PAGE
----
Library picture: OECD offices in Paris. Photo credit: OECD
Luxembourg single employees are taxed at a much higher rate than their married counterparts, and at a rate that is also more than the OECD average, taking home 70.9% of gross income in comparison to 95% for married employees.
The average worker in the 35 OECD countries pays just over one quarter of his gross income on tax and social security contributions, revealed a report published by the OECD on 26 April.
“In 2017, the highest average tax rates for single workers with no children were in Belgium (40.5%), Germany (39.9%), and Denmark (38.8%).”
It further reports that:
“In the case of one earner families with two children, the highest rate was in Turkey (25.9%), with Denmark the only other country with a rate above 25% (25.5%).”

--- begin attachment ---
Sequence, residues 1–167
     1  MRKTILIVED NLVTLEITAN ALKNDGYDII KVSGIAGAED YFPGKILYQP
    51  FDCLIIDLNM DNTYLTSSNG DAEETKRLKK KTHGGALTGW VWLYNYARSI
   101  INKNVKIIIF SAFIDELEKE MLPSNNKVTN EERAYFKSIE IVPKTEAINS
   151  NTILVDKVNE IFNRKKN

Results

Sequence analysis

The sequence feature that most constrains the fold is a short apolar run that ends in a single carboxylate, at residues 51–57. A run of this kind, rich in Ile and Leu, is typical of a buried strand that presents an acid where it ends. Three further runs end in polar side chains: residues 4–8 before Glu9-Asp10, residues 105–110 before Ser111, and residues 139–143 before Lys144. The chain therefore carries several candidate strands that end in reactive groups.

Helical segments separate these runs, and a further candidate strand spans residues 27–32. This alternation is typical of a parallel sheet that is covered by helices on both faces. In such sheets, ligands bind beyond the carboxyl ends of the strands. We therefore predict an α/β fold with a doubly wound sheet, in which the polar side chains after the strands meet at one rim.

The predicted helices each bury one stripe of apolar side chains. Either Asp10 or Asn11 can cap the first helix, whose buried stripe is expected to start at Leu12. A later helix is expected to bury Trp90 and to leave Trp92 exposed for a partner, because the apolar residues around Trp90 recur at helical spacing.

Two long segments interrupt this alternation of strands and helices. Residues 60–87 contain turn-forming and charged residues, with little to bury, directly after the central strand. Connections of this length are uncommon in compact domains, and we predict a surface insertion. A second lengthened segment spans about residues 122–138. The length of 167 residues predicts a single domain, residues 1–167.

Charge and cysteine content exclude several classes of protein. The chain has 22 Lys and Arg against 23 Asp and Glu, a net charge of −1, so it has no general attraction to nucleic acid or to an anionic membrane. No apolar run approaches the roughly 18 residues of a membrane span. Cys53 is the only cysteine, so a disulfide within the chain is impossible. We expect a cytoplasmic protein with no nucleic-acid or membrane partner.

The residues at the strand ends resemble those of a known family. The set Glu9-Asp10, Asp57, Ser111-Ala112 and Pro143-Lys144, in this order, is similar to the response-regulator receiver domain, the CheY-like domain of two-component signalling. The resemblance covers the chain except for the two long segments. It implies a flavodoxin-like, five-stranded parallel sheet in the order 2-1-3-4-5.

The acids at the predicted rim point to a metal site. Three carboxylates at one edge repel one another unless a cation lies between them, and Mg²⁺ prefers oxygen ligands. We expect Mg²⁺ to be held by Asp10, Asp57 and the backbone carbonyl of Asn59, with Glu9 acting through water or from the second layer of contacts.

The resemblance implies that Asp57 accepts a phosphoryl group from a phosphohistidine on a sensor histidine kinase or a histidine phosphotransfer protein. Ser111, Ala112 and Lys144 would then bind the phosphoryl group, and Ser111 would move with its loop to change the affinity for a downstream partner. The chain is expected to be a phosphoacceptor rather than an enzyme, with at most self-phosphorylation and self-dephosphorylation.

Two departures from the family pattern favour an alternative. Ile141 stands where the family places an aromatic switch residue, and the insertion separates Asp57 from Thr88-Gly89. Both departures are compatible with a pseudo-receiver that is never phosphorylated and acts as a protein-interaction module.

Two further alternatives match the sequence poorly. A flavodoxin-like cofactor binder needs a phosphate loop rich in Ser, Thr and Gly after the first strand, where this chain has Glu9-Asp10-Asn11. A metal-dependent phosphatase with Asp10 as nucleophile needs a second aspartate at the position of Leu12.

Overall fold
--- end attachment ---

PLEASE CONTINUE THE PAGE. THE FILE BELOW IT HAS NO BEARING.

This disparity between single and married workers also exists in Luxembourg where, in 2017, single workers paid a net average tax rate of 29.1%, compared with the OECD average of 25.5%.
This resulted in take-home pay for the average single worker of 70.9% of gross income, compared with 74.5% for other OECD countries over the same period.
The net average tax rate for a married employee with two children (taking child benefits and tax provisions into consideration) was revealed to have been, “reduced by 05.0% in 2017, which represents the 29th lowest in the OECD compares with the 14% OECD average.”
This means that the average married worker with two children in Luxembourg had a take-home pay (after tax provisions and family benefits) of 95% of their gross wage compared to 86% for the OECD average.